Fri, Aug 10, 2018 - Page 10 News List

Suzuki, Mazda and Yamaha confess illegal test practices

EMISSIONS SCANDALS:While Mazda said that it did not test 3.8% of sampled vehicles properly and Yamaha cited 2.1%, Suzuki said that half its checks were not done right


Japan’s Suzuki Motor Corp, Mazda Motor Corp and Yamaha Motor Corp have admitted to using false emissions data for some vehicles, the Japanese Ministry of Land, Infrastructure, Transport and Tourism said yesterday, in the latest product quality scandal to hit the country’s auto sector.

The companies came forward after the ministry last month ordered 23 auto and motorbike companies to conduct in-house probes after it emerged that Nissan and Subaru had cheated on fuel economy and emissions data.

All three reported “inappropriate handling” of vehicle inspections, the ministry said.

The companies admitted that incomplete emissions tests were done on some of their vehicles, but their officials certified the results as though the tests had been administered fully.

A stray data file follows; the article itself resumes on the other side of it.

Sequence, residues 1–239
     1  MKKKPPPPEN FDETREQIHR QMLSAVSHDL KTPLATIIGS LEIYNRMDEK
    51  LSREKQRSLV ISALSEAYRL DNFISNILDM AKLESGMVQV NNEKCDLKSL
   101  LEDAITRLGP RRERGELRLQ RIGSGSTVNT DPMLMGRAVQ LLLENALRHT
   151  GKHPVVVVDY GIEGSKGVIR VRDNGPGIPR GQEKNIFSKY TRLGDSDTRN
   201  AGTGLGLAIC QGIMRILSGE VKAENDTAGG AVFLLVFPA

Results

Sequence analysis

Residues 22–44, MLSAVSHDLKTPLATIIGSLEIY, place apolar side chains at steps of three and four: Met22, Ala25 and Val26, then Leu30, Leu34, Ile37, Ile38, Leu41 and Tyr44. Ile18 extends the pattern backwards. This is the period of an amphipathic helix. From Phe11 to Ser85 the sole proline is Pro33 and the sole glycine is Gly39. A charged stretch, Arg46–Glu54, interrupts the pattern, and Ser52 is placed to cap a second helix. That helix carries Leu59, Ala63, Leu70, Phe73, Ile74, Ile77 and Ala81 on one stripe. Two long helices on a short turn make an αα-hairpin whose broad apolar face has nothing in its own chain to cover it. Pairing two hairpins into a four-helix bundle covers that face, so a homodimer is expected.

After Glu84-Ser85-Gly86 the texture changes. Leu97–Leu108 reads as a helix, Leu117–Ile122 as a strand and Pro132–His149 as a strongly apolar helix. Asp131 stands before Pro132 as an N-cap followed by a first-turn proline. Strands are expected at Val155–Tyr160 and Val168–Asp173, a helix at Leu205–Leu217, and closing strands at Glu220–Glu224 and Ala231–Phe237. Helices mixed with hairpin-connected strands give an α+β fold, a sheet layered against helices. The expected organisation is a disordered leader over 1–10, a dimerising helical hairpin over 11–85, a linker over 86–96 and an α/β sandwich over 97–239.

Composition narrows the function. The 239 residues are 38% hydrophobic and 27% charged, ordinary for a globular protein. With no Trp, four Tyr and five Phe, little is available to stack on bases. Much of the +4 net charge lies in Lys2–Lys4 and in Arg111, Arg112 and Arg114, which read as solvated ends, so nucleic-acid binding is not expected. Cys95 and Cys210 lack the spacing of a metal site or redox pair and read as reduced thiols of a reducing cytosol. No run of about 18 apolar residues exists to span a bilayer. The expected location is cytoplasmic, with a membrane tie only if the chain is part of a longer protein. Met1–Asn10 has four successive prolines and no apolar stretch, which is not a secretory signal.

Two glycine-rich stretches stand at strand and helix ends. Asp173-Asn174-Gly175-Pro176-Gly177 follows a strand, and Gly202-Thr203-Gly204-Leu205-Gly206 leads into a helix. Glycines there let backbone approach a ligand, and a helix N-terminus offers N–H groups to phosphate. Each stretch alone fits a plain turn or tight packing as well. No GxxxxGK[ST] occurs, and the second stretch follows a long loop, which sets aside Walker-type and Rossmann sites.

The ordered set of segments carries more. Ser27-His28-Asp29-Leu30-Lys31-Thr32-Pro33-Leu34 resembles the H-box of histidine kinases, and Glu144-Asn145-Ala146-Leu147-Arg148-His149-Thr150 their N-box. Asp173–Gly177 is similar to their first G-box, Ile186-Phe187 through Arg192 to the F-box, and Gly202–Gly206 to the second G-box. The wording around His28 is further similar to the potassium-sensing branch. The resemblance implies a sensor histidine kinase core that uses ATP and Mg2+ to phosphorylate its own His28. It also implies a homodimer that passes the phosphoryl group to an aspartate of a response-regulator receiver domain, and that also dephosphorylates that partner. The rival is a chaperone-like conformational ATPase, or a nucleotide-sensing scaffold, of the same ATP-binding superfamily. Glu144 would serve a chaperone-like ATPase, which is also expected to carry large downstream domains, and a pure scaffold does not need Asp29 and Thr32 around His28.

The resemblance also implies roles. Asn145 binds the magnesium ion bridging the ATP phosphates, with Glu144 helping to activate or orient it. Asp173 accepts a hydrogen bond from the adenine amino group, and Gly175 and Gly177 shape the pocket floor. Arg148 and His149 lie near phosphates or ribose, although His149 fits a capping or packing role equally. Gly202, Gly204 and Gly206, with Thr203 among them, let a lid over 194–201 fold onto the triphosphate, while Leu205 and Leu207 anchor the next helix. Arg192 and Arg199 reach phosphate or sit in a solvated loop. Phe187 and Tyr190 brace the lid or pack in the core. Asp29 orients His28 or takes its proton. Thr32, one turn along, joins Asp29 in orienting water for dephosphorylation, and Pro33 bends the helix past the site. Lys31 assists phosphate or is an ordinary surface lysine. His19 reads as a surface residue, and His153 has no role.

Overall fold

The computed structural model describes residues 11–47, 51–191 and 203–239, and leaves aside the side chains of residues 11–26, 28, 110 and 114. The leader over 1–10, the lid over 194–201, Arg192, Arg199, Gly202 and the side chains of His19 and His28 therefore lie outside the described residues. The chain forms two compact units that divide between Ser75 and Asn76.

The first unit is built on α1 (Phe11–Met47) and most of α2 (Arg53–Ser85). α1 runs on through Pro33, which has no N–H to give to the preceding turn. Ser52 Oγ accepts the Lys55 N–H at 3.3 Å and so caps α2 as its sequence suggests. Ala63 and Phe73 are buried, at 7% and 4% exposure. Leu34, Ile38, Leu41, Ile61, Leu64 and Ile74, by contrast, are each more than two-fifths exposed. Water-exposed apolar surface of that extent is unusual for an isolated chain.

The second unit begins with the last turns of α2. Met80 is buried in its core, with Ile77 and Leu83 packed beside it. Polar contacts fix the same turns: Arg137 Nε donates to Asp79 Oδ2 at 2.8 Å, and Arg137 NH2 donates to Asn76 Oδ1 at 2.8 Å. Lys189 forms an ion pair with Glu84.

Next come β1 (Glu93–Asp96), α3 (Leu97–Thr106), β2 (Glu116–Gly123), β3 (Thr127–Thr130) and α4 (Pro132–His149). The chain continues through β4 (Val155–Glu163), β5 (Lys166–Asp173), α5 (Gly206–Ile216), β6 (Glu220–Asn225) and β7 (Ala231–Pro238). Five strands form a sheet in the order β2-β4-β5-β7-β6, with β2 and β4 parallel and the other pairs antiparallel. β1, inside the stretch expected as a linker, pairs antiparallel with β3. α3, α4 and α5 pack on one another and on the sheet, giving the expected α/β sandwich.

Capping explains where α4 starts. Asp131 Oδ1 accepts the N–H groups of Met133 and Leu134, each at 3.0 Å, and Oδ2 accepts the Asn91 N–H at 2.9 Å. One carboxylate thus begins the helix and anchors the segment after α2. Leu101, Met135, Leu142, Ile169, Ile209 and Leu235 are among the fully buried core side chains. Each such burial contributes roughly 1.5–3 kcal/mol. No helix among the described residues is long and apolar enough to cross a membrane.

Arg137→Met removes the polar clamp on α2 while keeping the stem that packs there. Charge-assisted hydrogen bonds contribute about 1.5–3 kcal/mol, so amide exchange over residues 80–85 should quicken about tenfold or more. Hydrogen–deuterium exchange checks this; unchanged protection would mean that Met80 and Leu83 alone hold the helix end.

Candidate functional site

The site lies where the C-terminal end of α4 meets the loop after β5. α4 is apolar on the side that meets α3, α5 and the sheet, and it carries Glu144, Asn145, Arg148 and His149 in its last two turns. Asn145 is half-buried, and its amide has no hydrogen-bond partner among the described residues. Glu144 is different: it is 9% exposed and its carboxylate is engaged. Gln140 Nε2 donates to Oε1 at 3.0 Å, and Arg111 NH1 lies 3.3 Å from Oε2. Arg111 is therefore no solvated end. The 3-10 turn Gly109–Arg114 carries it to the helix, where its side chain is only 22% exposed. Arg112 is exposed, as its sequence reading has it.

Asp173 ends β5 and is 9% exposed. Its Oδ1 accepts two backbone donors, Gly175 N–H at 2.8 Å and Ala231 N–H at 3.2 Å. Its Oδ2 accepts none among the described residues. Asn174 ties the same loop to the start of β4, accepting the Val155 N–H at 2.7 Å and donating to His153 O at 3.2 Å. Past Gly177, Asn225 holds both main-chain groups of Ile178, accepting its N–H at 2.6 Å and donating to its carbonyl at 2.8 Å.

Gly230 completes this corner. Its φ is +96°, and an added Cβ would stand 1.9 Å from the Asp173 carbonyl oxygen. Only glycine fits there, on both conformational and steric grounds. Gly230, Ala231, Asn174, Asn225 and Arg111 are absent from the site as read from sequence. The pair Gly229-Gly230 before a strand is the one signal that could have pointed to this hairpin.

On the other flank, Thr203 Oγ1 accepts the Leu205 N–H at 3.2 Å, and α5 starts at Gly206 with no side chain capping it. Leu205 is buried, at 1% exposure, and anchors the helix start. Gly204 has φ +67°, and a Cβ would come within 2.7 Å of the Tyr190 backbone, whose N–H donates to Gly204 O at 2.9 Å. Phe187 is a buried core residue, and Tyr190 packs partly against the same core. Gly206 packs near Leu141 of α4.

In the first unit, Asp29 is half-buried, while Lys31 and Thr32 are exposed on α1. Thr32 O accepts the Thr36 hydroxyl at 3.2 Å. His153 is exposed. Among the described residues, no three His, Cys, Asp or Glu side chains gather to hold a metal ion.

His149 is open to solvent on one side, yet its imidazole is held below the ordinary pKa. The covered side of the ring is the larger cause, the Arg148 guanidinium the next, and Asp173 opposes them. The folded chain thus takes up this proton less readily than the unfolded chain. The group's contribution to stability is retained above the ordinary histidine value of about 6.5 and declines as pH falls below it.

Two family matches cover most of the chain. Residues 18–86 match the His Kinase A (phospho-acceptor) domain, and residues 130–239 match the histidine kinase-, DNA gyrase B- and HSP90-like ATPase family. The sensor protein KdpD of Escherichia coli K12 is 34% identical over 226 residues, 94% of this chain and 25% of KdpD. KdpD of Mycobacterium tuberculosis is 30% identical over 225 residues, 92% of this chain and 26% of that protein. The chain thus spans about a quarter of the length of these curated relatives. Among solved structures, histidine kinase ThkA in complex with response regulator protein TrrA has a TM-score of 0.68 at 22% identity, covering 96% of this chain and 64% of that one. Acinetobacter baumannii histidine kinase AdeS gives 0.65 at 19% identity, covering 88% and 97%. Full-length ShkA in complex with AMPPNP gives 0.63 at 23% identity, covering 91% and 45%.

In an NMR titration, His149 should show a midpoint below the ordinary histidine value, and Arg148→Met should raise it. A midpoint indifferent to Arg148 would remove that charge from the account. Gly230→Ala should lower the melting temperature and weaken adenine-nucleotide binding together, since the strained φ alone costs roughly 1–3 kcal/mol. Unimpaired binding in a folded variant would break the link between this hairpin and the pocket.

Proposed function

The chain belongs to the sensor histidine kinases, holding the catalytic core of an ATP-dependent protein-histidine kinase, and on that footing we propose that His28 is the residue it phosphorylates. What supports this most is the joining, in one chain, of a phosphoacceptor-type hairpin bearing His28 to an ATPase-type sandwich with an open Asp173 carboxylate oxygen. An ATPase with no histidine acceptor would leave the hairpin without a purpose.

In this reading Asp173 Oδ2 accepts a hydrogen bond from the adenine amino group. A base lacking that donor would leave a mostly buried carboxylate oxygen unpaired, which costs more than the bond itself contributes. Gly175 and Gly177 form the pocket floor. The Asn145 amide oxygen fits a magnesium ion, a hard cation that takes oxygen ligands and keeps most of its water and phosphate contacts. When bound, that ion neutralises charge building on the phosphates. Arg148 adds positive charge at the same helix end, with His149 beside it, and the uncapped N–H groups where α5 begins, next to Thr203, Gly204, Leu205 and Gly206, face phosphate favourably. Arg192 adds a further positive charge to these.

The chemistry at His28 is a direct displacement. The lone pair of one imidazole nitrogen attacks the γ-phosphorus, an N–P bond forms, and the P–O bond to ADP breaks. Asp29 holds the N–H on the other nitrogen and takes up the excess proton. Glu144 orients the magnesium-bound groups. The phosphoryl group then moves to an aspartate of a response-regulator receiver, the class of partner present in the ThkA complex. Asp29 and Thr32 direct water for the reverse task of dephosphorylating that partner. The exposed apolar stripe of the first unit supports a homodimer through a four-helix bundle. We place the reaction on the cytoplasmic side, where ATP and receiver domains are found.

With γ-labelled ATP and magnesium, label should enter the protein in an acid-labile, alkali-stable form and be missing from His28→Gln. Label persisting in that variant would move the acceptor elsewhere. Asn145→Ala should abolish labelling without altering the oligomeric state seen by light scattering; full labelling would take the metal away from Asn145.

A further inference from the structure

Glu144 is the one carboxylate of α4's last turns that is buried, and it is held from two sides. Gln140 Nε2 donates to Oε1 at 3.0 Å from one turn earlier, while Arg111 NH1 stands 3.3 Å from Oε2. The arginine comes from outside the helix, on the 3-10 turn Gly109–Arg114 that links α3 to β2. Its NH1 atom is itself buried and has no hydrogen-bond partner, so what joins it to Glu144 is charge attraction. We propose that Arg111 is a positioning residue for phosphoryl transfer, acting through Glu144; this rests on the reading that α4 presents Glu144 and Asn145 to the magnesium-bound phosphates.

Suzuki admitted improper inspections on 6,401 vehicles, or nearly half of those subject to sample checking, between 2012 and this year.

Mazda said that 72 vehicles, or 3.8 percent of those in its sample, were affected, while Yamaha put the figure at 2.1 percent of its motorbike sample.

“This is extremely regrettable, as this may cause doubts among automobile users about vehicle performance and the quality-control structures of automakers,” Minister of Land, Infrastructure, Transport and Tourism Keiichi Ishii said in a statement.

The ministry said that it would “examine their reports and take strict measures if necessary.”

Most of the 20 other companies asked to examine their data had reported no misconduct, while several others were still investigating, the transportation ministry said.

Investors dumped shares of the three firms after the news.

Suzuki tumbled 6.04 percent to ¥6,944, Mazda sank 1.30 percent to ¥1,327 and Yamaha Motor dived 4.63 percent to ¥2,820.

The admissions are the latest in a string of scandals involving data falsification and testing standard breaches in Japan’s key automobile sector.

Last month, Nissan admitted that data on exhaust emissions and fuel economy had been “altered” for some of its vehicles, and last year the firm was forced to recall more than 1 million vehicles after admitting that staff without proper authorization had carried out some inspections.

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